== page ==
Tuesday, July 26, 2011

Darwinism and Depression

It is no secret that I believe in Intelligent Design. Nor that I refer to the Designer as God. So in essence, yes, I am a creationist. There are numberless aspects of these definitions that I could debate and talk about to possibly no end. Those conversations are for another day.

Having been recently reminded of the political implications of Darwinism VS. Intelligent Design, my mind was prevailed upon by a new understanding that in fact, I have bought into some of the more sinister ideals of Darwinism.

If you know me, you know my body has rebelled against it's age and decided it prefers the health equivalent of an 82 year old. I am the epitome of false advertising from the outside looking in.

Recently a change in medications has allowed me more of a middle-aged vigor and I have enjoyed being surgically removed from my bed. It's a wonder that anyone would miss doing dishes and laundry and making dinner. But oh the joy, when I was once again able to function.

It felt good to contribute, to not be a drain or burden on my husband whom for so long has had to do everything. The kids have stopped talking about how they miss the mom I used to be. And exercise is a dream come true.

This last weekend I had a scare that made it seem like these two months of strength were all but over.

How difficult.
How hard.
How depressing.

Depressing, yes.
My definition of depression,

"Are you going to come to my field trip or are you going to be sick that day?" Questions from my kids, wanting me to do things, be with them, play with them and barely having the strength to breathe.
Mom has a headache, mom doesn't feel well, mom's staying home this time. . . mom's always sick.
Dirty laundry guilt, dirty bathrooms guilt, no dinner guilt, not waking up to help kids guilt, not being a supportive wife guilt, being a nothing guilt.

A zombie, a vegetable, a problem.

Because here's why.
If I can't contribute, I have no value. If I can't contribute, other's have to pick up my slack. I am a burden. And under Darwin's law of evolution and natural selection, I deserve to die. The weak and the feeble fall behind the herd and are devoured. For a reason, for the betterment of the community.

I bought into this. The same mentality that brought about the holocaust. It still sweeps countries today with genocide. If you are deemed inferior, you are expendable at best. This Darwin Theory is a handy tool for dictators.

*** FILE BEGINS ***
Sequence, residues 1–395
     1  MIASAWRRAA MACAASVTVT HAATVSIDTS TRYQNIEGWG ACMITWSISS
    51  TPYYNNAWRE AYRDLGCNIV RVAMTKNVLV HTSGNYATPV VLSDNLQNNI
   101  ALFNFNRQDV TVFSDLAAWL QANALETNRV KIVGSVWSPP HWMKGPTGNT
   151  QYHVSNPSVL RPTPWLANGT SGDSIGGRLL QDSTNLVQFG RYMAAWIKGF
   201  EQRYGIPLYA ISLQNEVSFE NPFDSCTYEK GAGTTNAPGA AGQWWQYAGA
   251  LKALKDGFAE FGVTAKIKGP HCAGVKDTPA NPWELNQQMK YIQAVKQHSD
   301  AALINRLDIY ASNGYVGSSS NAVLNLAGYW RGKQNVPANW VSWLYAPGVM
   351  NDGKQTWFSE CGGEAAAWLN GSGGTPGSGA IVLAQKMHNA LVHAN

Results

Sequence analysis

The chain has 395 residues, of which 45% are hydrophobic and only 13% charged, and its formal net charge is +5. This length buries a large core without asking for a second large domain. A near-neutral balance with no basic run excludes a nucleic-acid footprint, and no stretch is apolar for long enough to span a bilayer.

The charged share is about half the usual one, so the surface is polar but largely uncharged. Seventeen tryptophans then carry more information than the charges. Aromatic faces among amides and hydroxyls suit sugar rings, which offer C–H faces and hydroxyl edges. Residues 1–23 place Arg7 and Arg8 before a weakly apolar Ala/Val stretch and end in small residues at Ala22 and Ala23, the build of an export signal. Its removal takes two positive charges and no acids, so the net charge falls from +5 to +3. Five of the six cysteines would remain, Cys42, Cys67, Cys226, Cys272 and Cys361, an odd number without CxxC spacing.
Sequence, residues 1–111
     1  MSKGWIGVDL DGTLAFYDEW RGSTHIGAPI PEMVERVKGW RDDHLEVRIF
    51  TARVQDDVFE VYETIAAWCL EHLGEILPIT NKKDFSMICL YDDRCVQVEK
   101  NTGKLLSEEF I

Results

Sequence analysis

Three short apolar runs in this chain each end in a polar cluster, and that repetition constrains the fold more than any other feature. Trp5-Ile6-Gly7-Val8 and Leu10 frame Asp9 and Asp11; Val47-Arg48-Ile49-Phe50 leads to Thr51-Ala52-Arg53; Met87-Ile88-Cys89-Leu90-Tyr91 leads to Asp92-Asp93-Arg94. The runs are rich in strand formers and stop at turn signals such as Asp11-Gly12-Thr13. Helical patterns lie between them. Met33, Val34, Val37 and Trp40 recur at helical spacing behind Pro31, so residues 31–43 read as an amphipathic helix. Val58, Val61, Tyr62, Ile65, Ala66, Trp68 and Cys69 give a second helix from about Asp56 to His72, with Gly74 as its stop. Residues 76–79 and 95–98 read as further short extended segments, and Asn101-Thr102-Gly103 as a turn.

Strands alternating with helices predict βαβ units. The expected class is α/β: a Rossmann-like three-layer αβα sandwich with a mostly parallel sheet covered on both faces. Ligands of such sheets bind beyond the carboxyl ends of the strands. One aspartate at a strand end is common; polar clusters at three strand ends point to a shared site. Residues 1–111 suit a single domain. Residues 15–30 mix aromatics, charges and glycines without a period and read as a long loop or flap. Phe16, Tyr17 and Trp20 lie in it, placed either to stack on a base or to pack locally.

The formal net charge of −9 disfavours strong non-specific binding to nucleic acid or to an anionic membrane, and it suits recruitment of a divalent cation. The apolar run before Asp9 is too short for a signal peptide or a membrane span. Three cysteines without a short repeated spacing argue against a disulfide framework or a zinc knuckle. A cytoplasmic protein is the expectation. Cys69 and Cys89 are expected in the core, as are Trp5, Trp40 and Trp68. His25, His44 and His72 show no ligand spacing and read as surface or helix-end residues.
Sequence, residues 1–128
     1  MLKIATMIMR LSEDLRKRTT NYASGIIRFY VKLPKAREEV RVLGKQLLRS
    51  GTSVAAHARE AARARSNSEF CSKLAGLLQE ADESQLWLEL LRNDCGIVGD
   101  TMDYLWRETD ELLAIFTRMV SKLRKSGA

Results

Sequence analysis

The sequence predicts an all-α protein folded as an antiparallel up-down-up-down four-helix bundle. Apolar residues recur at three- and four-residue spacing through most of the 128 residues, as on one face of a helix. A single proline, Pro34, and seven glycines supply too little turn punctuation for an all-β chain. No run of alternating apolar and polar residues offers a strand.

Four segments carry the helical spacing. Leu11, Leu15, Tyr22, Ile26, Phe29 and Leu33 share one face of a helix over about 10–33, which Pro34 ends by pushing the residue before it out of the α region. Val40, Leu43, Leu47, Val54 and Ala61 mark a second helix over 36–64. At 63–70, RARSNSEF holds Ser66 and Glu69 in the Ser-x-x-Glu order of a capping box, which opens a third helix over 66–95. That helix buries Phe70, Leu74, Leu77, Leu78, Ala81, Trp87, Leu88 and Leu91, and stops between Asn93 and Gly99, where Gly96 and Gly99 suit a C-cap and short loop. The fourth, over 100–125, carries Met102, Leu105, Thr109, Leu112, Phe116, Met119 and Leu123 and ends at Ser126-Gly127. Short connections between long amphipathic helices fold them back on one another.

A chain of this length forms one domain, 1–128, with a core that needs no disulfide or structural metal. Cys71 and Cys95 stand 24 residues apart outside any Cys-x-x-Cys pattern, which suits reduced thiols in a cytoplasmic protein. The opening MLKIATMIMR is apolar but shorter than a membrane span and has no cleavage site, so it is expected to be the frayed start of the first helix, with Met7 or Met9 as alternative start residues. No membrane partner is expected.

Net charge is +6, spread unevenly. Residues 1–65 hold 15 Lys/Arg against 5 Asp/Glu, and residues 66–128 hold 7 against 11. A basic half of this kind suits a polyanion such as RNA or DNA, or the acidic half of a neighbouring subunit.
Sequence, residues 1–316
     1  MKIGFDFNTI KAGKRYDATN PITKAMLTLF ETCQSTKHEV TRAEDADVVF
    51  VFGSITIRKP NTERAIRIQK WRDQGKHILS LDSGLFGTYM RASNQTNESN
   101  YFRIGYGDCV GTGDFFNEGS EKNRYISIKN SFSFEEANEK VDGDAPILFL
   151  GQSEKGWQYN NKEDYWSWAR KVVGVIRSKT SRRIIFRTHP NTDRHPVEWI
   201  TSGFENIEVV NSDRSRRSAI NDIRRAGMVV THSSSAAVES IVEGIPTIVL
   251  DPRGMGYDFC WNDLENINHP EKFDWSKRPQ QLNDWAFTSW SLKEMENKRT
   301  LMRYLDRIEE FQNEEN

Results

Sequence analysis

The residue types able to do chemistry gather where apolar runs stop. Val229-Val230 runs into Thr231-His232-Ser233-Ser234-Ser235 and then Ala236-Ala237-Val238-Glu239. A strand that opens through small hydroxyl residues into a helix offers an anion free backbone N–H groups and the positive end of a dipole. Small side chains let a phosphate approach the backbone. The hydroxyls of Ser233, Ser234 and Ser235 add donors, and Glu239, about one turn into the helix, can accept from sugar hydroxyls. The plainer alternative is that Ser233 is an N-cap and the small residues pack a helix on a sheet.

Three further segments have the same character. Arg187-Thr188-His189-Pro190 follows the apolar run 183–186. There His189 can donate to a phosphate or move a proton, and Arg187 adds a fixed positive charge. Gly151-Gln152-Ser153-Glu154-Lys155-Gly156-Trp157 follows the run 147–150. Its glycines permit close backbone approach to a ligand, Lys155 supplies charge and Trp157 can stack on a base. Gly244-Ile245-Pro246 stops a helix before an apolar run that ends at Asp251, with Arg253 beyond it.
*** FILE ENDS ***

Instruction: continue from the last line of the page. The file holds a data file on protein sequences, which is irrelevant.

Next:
If Darwin is right and I'm just another form of sludge, then I should die. Let the other sludgies be happy and be less burdened. Not like I'll regret being dead because that's all she wrote. One less sludgie in the world.

But if I am a daughter of God, if I have a divine purpose, if all that I know and believe in my faith is true, then I am not what my body can and can't do. If I am to become, as He has asked, like my Savior, then there is something to learn from the crappiest of situations. Things like service and compassion and love.

My challenged situation wasn't all depression, in truth I have a husband who reminded me all the time that I am not my body. And the kids did help a lot. I did feel hope and love and many many times joy.

Yet there were those times that I would succumb to the dark fruits of Godlessness. Not on purpose and obviously not realizing what it meant when I did.

There is a depression I felt that I can directly correlate to the pervasiveness of darwinistic thought.

Hopefully the clarity I have now will not soon dissipate when things get hard again.

Monday, April 25, 2011

Writing and Gardening - Because They're Related

It’s taken me years to make my own little Garden of Eden. I grew up where fruits and berries grew spontaneously. Ever heard of Salmon Berries? Most people haven’t. They look just like Blackberries, except of course they’re salmon color. They have a mild sweetness, the upside being you never eat one that makes you pucker.

Over the years I’ve planted two Bing cherry trees. Two pears. A Russian plum. Apricot. A thornless blackberry bush. Raspberries. Last year a blueberry. And I have 4 garden boxes. This doesn’t count my ornamental trees or flowers. Like my goradceous lilac outside my front door.

As you know it takes years for trees to give you a good crop. I still have jars of plum jam from two years ago. Because I live in the Boise area, our weather is much nicer than what my lovely Utah peeps go through. My trees blossom earlier, I’m able to plant earlier. Ha ha except dangit and boo.

The other night my kids were wondering what sort of lunatic gets near to tears when the news of a frost hits her? That would be me. I’m that kind of lunatic. Everything is breaking into full bloom. So I had them wrap some of the trees in old Winnie the Pooh sheets. Others in tarps. Oh yes, redneck aint the half of it.

But my cherry trees are my oldest and dearest loves. And they’re huge. I just couldn’t get a dang tarp over the smallest of the two. So we wrapped a few branches. But not before my daughter nearly had her first hernia at watching her mother stand at the very near toppest of the tree holding a huge tarp during a wind storm.